Andy Gottesman/THE LANTERN
Campus security watches over surveillance cameras in Blankenship Hall. The control room features cameras from all over the university campus..
With more than 500 security cameras covering the campus area, it is likely that every student has passed under the lens of Ohio State Public Safety.
"Our camera monitors, just this past year, have helped the police catch a criminal suspect breaking into vehicles at the vet hospital, suspects who were stealing bikes, and on several occasions people who were vandalizing property," said Ron Balser, director of University Security and Protective Services.
Since the installation of the first cameras in 1989 at the Wexner Center for the Arts, the surveillance operation has expanded as far as the Lazarus building Downtown, and includes campus from the Medical Center to the Gateway.
Until 2005, though, only the Wexner and Medical centers used security cameras.
"Sometime in 2005, technology changed to where you no longer had to run a wire to carry the signal from the camera to the location you were going to monitor," Balsar said. "The camera installation costs and the monitoring costs went way down."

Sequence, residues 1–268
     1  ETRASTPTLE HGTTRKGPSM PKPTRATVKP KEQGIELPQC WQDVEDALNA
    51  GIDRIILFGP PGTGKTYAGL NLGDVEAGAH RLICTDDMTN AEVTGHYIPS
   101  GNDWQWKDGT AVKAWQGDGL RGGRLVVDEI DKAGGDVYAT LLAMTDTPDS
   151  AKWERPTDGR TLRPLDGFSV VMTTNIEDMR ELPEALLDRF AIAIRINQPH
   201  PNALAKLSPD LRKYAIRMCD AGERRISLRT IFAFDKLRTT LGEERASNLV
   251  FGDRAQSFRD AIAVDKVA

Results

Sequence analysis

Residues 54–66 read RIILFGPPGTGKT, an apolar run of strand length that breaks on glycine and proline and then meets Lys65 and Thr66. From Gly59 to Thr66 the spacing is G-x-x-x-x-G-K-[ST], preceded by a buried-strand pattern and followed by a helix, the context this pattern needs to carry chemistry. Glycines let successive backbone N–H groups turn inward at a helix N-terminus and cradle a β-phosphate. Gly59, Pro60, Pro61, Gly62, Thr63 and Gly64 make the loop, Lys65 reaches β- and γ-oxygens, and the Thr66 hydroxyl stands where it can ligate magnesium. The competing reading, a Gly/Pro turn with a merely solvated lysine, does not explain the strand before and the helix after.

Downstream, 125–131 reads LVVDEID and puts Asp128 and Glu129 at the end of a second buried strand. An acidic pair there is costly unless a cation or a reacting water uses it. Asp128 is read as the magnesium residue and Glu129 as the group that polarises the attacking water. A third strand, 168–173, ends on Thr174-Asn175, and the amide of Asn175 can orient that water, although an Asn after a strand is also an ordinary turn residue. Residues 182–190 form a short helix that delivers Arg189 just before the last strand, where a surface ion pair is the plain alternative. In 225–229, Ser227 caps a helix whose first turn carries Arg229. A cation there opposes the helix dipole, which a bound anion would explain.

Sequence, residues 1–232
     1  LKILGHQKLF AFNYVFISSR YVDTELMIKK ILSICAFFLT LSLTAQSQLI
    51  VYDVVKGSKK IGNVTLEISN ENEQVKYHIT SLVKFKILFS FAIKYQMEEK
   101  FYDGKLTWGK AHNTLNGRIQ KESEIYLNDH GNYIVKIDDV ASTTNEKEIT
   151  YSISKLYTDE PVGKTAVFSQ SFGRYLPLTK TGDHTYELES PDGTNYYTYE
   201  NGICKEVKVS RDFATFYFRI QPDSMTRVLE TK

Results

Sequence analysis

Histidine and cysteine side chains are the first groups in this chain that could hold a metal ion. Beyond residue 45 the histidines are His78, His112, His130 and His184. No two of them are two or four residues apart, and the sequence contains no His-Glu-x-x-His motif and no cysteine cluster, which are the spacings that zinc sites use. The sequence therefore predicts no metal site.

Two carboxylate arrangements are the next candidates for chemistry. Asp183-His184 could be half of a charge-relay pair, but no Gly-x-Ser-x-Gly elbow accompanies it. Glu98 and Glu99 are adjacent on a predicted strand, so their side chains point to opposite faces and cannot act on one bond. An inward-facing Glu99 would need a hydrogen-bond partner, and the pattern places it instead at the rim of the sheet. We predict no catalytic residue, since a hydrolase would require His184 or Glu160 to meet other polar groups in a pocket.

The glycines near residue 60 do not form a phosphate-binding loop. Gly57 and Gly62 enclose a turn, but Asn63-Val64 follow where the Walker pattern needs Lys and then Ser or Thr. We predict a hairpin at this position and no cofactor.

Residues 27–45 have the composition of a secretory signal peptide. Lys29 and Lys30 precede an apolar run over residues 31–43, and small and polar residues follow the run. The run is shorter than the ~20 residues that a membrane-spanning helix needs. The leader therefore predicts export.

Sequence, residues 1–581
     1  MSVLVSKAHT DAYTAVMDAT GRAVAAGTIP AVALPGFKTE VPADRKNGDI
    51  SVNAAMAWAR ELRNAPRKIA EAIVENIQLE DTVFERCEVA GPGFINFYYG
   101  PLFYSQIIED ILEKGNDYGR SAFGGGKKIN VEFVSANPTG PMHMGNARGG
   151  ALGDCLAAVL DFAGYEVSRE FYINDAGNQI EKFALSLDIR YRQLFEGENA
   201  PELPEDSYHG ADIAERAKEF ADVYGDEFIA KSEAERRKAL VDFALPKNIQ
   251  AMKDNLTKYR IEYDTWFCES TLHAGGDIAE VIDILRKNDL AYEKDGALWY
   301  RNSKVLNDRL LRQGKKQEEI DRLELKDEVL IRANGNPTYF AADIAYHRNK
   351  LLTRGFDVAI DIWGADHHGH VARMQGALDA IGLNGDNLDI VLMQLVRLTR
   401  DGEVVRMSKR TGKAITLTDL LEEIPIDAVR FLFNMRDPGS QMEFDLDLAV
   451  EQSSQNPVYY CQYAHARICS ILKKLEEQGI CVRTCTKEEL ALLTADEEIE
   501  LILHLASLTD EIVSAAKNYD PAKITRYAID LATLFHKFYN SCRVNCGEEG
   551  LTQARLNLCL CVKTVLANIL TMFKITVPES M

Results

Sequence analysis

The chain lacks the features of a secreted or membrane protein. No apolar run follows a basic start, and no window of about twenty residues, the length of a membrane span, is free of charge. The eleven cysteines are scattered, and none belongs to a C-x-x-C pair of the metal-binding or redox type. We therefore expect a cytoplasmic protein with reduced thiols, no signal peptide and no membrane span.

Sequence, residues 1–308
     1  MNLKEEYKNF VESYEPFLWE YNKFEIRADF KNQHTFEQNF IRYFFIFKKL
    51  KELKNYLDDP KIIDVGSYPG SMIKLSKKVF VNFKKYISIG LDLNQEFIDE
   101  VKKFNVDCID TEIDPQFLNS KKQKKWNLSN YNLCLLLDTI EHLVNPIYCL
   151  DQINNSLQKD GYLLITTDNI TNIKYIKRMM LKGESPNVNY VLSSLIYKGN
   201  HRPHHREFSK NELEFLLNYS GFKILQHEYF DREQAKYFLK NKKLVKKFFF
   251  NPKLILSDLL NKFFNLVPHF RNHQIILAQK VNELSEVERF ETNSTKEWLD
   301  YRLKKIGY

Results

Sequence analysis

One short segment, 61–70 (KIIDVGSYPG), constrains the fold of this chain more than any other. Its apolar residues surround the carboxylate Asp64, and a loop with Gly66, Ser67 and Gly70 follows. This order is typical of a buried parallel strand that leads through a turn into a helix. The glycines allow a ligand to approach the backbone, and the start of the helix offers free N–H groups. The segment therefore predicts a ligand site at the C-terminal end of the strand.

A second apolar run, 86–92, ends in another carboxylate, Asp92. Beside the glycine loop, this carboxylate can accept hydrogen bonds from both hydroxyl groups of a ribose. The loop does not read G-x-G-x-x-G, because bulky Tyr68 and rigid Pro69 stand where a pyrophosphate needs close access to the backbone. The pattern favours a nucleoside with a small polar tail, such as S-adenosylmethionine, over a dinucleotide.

Today the entire operation is monitored out of one location in Blankenship Hall, which headquarters OSU Public Safety.
The system has allowed police officers to more efficiently arrest suspects, and has given prosecutors the evidence to convict them. Thanks to this success, there are plans to add more than 200 cameras in the near future.
"Before this past year we were getting four or five requests a year for camera footage, and today we are receiving that many requests in a month," Balser said.
Police officials and prosecutors are not the only ones who use the security cameras, though; the system has recently broken into the realm of academia as well.
With the help of some of his doctoral students, professor Jim Davis of the Department of Computer Science and Engineering at OSU is developing a system known as "Smart Surveillance."
While most commercial monitoring software produces flat, panoramic images, this new technology captures a 360-degree view from the camera.
This software will allow security staff to develop a better sense of typical events on and around campus. It will then be easier to recognize atypical circumstances and maintain constant footage of potential suspects.
"If you're doing something strange, we want to be able to detect that and figure out what's going on," Davis said.
Balser said that the current monitoring system is a cost-effective way to fight crime. "We, at Public Safety, would have had to drastically increase the number of security and police officers without them," he said.
Students at branch campuses, including Wooster, should expect new monitoring systems in the near future, Balsar said.
Madeline Smith can be reached at email@example.com.